June 22, 2010 / 10:21 AM / 7 years ago

Mobile phone throw and donkey vault feature at "Paddy Games"

TOKYO (Reuters Life!) - With an events list including mobile phone throwing and the backwards 100 meters, the inaugural “Paddy Games” being held in Ireland in August looks set to break new records -- but not many conventional ones.

The organizer of the event, Irish lawyer and former elephant polo world champion Colin Carroll, has invited Olympic champion Usain Bolt to run the backwards 100 meters at the games in Cork on August 14 but the fastest man in the world has yet to respond.

Carroll, 37, has spent several years planning the “Paddy Games.” A previous attempt to stage the event was thwarted in 2008 when Olympic officials objected to Carroll calling the contest the “Paddy Olympics.”

“Olympic officials got their knickers in a twist over us stealing Beijing’s thunder,” Carroll told Reuters in a phone interview to announce the launch of the 2010 Paddy Games.

“The International Olympic Committee (IOC) got uptight and thought their athletes would defect to our Games. An angry letter from the IOC did put the willies up me but they can’t shut us down.”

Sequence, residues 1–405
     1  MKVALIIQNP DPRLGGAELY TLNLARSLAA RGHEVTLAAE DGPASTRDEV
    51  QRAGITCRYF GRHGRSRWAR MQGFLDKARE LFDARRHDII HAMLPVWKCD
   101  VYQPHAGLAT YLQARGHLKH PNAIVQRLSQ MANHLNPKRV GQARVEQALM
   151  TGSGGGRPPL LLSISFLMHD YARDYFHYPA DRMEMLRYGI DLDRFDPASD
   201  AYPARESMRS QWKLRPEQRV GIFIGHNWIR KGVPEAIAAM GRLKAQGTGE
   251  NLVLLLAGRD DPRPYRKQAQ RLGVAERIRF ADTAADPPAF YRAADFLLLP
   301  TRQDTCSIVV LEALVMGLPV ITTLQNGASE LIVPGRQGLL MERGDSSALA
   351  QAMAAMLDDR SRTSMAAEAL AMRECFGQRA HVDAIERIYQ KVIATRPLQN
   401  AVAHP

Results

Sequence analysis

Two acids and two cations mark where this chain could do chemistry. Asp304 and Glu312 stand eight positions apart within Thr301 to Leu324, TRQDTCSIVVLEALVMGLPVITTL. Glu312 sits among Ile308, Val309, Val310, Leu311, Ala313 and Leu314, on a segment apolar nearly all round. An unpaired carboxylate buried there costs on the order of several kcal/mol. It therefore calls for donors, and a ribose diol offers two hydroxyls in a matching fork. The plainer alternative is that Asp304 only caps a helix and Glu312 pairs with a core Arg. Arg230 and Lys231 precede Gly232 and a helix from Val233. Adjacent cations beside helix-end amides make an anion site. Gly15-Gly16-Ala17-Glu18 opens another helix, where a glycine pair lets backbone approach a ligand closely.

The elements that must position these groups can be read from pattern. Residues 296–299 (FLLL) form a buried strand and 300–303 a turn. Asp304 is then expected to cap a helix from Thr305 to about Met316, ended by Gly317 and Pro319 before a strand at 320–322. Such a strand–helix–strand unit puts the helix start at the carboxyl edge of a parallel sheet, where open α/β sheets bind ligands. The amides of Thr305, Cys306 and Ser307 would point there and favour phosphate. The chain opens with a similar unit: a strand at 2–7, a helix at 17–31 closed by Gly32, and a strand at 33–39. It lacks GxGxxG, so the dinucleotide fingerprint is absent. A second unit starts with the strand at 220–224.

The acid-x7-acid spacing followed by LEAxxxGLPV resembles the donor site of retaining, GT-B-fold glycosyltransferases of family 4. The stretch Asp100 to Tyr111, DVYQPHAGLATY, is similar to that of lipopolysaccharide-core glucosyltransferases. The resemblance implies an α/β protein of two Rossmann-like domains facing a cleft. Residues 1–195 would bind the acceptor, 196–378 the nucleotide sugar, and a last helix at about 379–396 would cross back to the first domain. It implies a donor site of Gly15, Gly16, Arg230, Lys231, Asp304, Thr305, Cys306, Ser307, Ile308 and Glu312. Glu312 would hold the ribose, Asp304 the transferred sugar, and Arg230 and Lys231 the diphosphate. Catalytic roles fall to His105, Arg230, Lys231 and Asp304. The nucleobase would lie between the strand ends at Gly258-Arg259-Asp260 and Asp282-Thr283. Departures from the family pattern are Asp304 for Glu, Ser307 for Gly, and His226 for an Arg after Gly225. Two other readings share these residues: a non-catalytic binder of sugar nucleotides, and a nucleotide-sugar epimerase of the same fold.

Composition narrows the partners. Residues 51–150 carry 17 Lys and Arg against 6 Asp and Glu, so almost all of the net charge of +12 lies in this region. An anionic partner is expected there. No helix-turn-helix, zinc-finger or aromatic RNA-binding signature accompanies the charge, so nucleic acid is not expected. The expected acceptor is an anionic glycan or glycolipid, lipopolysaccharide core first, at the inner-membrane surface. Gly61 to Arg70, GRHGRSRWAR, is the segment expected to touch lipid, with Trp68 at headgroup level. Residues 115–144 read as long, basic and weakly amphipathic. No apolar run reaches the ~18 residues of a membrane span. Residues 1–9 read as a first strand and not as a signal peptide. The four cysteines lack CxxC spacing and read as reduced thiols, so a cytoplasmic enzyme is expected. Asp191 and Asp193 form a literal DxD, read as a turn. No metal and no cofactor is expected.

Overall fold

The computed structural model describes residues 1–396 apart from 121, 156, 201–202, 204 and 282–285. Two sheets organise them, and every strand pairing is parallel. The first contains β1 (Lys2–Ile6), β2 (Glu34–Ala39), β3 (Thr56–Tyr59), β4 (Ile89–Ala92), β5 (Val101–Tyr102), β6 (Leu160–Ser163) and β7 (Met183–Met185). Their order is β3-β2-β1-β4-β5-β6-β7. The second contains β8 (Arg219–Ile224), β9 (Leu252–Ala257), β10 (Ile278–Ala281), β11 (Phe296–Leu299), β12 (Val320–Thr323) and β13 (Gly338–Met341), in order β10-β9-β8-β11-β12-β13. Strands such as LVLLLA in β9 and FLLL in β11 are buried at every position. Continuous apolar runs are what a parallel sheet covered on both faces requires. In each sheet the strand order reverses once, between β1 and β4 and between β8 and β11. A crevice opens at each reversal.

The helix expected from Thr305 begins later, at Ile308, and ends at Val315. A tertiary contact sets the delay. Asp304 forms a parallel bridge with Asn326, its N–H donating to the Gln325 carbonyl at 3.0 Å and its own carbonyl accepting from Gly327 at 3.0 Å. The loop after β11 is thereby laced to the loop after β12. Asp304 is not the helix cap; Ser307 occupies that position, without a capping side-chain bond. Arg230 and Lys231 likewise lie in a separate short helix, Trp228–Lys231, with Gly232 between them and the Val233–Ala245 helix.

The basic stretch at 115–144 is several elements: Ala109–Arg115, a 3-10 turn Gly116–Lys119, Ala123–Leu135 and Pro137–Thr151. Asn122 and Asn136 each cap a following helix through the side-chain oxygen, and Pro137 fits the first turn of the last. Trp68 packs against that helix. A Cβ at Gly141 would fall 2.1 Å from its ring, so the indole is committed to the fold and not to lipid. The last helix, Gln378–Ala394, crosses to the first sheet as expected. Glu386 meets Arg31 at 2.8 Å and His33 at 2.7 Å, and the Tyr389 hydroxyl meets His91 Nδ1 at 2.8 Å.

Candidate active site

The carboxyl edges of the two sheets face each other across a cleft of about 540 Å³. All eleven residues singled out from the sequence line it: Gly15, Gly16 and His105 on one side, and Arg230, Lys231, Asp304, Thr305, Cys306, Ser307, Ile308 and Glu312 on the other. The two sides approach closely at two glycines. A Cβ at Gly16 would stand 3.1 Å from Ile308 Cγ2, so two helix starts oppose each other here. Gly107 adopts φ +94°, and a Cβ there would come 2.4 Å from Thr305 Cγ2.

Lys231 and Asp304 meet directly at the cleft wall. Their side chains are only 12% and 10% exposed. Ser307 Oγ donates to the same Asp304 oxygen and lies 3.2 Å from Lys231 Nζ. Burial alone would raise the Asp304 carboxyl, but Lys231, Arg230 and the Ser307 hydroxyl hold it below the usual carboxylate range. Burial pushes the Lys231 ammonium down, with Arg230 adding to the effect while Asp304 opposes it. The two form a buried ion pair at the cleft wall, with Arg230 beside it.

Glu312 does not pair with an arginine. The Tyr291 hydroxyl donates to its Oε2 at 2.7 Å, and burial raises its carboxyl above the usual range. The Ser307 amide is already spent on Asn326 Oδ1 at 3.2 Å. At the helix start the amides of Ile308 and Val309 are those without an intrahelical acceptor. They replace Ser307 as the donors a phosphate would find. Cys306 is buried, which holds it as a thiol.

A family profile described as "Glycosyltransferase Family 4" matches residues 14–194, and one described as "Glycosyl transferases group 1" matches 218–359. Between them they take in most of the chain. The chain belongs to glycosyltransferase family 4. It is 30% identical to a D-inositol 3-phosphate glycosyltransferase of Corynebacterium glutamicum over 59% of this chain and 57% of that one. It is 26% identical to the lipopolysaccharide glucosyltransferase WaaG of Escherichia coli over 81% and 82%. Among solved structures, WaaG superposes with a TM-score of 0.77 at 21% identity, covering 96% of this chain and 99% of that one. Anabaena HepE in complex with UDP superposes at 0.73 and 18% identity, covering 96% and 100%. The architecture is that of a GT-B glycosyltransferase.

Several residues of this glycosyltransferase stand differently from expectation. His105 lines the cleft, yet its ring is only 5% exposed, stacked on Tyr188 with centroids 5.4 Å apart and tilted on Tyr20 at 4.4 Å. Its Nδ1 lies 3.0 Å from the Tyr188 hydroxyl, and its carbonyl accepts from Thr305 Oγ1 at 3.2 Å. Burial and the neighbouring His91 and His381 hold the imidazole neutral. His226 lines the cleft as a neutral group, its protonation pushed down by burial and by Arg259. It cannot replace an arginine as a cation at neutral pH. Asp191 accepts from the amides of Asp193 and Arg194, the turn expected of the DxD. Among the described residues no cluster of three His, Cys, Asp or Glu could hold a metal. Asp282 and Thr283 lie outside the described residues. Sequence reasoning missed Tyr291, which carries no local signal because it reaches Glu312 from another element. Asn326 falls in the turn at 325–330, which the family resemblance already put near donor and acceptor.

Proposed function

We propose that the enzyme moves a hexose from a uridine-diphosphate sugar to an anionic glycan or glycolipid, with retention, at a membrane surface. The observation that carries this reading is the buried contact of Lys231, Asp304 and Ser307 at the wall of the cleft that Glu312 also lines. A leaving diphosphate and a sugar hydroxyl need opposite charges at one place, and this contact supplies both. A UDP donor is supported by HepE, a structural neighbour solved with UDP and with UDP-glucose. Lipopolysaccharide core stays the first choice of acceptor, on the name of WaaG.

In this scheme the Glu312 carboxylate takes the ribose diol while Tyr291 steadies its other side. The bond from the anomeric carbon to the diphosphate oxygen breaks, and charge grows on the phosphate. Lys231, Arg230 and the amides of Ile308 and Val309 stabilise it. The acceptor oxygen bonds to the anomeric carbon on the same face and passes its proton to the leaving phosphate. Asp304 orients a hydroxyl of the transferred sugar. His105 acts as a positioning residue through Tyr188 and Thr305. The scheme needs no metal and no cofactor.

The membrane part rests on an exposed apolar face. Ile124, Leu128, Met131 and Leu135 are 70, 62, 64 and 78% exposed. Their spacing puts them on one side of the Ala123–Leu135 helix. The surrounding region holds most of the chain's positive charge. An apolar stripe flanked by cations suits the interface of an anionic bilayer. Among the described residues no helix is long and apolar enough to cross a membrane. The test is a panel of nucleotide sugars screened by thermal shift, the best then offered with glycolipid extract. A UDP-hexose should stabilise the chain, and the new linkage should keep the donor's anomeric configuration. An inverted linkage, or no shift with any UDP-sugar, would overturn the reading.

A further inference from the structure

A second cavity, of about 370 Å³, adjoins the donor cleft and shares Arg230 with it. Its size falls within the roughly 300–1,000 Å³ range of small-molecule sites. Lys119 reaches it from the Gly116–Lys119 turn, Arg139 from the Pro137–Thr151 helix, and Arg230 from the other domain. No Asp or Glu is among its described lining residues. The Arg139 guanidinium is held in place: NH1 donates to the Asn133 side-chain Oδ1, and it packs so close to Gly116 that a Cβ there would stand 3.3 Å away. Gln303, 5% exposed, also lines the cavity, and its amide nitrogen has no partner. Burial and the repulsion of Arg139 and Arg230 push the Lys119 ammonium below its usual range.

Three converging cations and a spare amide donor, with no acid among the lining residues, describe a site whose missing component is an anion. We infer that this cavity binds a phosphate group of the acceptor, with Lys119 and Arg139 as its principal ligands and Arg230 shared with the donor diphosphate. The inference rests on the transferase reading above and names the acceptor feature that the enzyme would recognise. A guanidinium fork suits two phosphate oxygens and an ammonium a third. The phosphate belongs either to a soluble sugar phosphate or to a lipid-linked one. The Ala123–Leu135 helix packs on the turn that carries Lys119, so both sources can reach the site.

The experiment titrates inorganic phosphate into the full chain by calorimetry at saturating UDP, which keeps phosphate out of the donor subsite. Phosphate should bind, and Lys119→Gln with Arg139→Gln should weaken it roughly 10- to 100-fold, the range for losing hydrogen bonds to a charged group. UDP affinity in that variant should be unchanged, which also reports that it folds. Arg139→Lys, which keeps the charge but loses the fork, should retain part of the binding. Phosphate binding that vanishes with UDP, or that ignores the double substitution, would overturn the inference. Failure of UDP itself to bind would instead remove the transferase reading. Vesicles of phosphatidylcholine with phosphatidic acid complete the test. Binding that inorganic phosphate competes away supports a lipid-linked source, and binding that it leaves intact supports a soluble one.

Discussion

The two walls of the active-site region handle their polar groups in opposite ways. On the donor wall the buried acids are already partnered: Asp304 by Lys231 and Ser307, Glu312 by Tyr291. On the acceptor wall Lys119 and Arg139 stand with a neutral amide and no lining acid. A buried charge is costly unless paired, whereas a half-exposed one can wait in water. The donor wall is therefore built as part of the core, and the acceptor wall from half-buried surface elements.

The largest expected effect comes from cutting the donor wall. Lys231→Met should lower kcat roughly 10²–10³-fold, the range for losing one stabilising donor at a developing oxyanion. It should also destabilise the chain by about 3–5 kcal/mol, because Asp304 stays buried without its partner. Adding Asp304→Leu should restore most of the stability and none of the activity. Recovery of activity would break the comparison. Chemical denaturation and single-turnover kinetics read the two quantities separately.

Instead Carroll repackaged his event by dropping the word “Olympics” and replacing it with “Games.”

The Paddy Games will consist of 25 sports, including backwards and blind-folded sprints, mobile phone throwing, even an “inter-species” relay race -- which the rule book, written by Carroll, states “shall comprise two humans and two land animals.”

Carroll, whose claim to fame was winning gold for Ireland at the 2005 world elephant polo championships, said: “We will also have a donkey vault and strait-jacket wrestling.”

Carroll has always had a penchant for more non-traditional sports.

In 2006 he tried to become his country’s first wrestler at the world sumo championships but had to sign a death waiver first due to his pint-sized frame.

An avid camel racer, the publicity-seeking Irishman has also popped up in previous incarnations in a boy band in Poland and the Irish bobsleigh team in Latvia.

Despite the setbacks along the way, Carroll has vowed to continue pushing the Paddy Games, cheerily declaring the Olympic movement a fossil.

“The IOC has lost their way,” insisted Carroll. “True Olympic ideals are embodied by the Paddy Games. The Olympic Games is passe. Get over it. Backwards is the new forwards!”

Editing by Belinda Goldsmith

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